A Contemporary Reinterpretation – House Queens Park by Tribe Studio Architects
Queens Park, Sydney, NSW, Australia

Photography Katherine Lu
Architecture Tribe Studio
Words Bronwyn Marshall
Engineering Partridge
Landscaping Spirit Level

Referencing the original heritage and crafted details of this Californian bungalow, House Queens Park takes subtle cues from its history and extends them into a relevant present. Tribe Studio Architects reinterprets the old through the new, with a contemporary restraint and refinement.

Located in Sydney’s inner east, House Queens Park sits comfortably in its neighbourhood of similar vintage homes, and so the consequent maintenance of its important historical contrition was integral. As a renovation and extension, the new works sit behind the original home, extending upward and outward, with a considered restraint that sees only a minor repetition of the original home’s silhouette appear to the rear. Built on celebrating the existing and the hand-crafted elements that represent the industry of the time, Tribe Studio Architects respectfully takes cues from the original elements and reinterprets them subtly through a contemporary lens, with a knowing restraint and refinement.

As a renovation and extension, the new works sit behind the original home, extending upward and outward, with a considered restraint that sees only a minor repetition of the original home’s silhouette appear to the rear.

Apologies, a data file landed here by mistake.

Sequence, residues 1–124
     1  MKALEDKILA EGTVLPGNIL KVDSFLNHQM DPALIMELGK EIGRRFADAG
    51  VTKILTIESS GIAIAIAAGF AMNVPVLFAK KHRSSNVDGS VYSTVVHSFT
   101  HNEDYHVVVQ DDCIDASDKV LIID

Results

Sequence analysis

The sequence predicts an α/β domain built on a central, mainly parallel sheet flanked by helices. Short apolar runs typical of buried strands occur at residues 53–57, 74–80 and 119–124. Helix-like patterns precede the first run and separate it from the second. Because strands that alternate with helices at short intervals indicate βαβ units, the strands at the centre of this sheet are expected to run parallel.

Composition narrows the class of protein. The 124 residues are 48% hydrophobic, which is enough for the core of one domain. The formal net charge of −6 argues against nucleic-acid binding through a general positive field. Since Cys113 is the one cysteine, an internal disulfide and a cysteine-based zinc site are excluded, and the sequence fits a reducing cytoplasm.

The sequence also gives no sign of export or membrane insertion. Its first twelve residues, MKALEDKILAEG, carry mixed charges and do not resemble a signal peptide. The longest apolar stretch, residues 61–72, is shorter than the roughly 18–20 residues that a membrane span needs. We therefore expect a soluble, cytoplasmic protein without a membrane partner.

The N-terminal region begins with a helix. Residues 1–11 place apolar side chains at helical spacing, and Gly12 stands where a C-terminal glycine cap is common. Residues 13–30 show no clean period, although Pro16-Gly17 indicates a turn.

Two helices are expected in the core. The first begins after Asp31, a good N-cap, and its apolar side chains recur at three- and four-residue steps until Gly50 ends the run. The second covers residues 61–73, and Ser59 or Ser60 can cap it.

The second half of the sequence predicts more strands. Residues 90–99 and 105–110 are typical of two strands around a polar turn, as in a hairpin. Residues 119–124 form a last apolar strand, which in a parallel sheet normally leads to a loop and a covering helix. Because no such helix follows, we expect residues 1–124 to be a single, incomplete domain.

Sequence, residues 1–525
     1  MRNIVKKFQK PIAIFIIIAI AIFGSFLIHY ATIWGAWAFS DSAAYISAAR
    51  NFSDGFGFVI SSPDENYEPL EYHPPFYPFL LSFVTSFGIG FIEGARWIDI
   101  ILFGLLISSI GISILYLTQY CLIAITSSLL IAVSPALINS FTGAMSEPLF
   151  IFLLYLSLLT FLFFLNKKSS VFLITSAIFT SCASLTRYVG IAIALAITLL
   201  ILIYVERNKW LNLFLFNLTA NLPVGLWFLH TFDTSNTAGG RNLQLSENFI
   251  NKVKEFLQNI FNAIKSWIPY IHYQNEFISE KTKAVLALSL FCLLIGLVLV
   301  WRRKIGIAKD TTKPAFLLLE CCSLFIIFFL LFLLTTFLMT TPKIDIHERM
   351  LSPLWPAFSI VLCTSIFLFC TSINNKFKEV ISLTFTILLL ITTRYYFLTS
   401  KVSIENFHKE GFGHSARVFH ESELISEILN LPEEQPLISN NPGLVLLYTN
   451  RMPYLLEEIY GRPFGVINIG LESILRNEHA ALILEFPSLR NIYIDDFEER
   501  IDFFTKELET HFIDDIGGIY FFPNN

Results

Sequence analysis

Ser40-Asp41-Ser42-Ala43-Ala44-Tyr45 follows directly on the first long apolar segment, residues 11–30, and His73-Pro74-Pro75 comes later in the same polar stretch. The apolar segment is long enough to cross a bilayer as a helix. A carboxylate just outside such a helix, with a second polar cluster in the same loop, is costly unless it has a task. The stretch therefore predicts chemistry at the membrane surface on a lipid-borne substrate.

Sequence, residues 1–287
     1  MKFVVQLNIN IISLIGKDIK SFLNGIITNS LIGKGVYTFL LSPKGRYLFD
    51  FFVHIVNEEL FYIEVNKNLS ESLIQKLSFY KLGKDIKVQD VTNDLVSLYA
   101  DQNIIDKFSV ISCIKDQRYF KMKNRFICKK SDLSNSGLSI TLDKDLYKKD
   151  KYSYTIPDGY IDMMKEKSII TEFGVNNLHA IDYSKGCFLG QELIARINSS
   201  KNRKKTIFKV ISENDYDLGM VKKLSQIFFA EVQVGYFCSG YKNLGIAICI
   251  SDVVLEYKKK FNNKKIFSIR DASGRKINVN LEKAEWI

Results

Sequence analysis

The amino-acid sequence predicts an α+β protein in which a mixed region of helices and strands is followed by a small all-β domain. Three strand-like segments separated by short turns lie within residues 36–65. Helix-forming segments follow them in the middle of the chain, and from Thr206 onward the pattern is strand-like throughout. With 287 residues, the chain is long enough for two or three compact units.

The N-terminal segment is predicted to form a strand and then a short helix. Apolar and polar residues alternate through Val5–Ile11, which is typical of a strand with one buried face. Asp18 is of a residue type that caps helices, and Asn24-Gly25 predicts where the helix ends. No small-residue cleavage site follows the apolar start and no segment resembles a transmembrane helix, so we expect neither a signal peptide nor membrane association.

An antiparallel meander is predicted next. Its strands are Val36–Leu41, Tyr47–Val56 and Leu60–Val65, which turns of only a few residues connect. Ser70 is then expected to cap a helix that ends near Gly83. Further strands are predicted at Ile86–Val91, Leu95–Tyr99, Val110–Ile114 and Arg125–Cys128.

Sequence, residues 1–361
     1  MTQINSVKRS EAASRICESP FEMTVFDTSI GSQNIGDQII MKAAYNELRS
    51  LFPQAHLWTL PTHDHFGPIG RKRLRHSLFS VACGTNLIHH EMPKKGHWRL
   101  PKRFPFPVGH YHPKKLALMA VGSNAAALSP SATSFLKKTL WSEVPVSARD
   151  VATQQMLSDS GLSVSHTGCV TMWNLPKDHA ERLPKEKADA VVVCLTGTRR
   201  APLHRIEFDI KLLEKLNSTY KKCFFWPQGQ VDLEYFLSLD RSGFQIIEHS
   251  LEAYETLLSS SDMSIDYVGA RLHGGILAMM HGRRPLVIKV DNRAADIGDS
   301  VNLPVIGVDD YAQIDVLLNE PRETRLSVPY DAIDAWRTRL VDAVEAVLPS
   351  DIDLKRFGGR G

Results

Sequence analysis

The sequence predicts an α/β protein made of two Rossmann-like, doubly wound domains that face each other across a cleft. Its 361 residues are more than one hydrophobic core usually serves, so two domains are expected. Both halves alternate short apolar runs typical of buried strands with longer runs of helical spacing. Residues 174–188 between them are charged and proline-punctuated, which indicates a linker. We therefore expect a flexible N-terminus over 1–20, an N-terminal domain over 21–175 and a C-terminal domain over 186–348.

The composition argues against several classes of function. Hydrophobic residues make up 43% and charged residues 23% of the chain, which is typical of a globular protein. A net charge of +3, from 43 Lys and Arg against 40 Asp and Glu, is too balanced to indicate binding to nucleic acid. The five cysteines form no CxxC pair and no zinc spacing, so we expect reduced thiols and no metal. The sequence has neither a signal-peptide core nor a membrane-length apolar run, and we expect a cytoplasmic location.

Built by Ballast Construction, together with engineering by Partridge and Landscaping by Spirit Level, House Queens Park is the culmination of an engaged collaboration. Increasing the internal volume and creating a communal gathering space, the addition sits neatly behind its predecessor and unfurls as the natural transition between the formality of the original home and the garden to the rear. In maintaining the character of its context, two newly constructed tiled roof pitches appear stacked on top of the bungalow and its gabled roof, matching in colour and finish. Repeating the formal elements of the original home, new insertions then reinterpret their original reference. By creating the vaulted ceiling space to the rear, the brief of better connecting the through flexible spaces was able to be achieved.

Steering away from the popular approach of extending well beyond the original home, Tribe Studio Architects’ experience working in conservation and with heritage homes led to the adoption of a restrained approach. The result sees heightened volumes, intersecting planes and slivers of natural light all convene within the newly imagined spaces. The additional upper level is concealed on either side of the double-height space and creates an interesting hierarchy. With dual access to the site, a garage and studio structure adds a semi-concealed formal arrangement to allow the growing family to flexibly adapt the home to suit. The materiality speaks to the original fabric of the home and is also reinterpreted in contemporary varieties, while maintaining the aesthetic.

By creating the vaulted ceiling space to the rear, the brief of better connecting the through flexible spaces was able to be achieved.

Subtly concealed from the street, House Queens Park is an exercise in considered expansion and deliberate understanding of the sensitivities of context. Tribe Studio Architects has reverentially extended the life of the original home, continuing its history while establishing its relevance.

Subtly concealed from the street, House Queens Park is an exercise in considered expansion, and deliberate understanding of the sensitivities of context.
Published 13 August, 2020
Photography  Katherine Lu
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